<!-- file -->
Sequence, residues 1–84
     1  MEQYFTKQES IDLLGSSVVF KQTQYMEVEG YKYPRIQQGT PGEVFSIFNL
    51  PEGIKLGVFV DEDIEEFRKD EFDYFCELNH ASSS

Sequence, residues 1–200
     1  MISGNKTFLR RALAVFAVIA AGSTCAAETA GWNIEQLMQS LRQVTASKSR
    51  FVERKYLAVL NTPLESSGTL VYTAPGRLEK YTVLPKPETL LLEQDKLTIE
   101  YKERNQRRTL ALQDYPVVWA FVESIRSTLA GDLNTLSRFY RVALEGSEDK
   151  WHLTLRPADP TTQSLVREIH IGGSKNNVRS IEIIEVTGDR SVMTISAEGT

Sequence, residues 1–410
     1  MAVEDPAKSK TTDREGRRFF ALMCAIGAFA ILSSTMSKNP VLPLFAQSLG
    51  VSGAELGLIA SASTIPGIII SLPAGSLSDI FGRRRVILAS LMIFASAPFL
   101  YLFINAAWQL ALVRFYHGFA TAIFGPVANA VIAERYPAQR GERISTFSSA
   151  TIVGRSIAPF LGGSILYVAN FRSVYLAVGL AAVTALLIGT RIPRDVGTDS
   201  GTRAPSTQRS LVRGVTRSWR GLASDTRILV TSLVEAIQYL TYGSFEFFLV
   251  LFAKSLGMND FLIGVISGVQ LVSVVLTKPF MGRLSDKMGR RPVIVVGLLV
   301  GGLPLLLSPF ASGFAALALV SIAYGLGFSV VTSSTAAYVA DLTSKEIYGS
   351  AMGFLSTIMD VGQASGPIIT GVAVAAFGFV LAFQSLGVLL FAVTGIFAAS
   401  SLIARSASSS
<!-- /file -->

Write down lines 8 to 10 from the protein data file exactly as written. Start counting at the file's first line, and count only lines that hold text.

   151  WHLTLRPADP TTQSLVREIH IGGSKNNVRS IEIIEVTGDR SVMTISAEGT

Sequence, residues 1–410
     1  MAVEDPAKSK TTDREGRRFF ALMCAIGAFA ILSSTMSKNP VLPLFAQSLG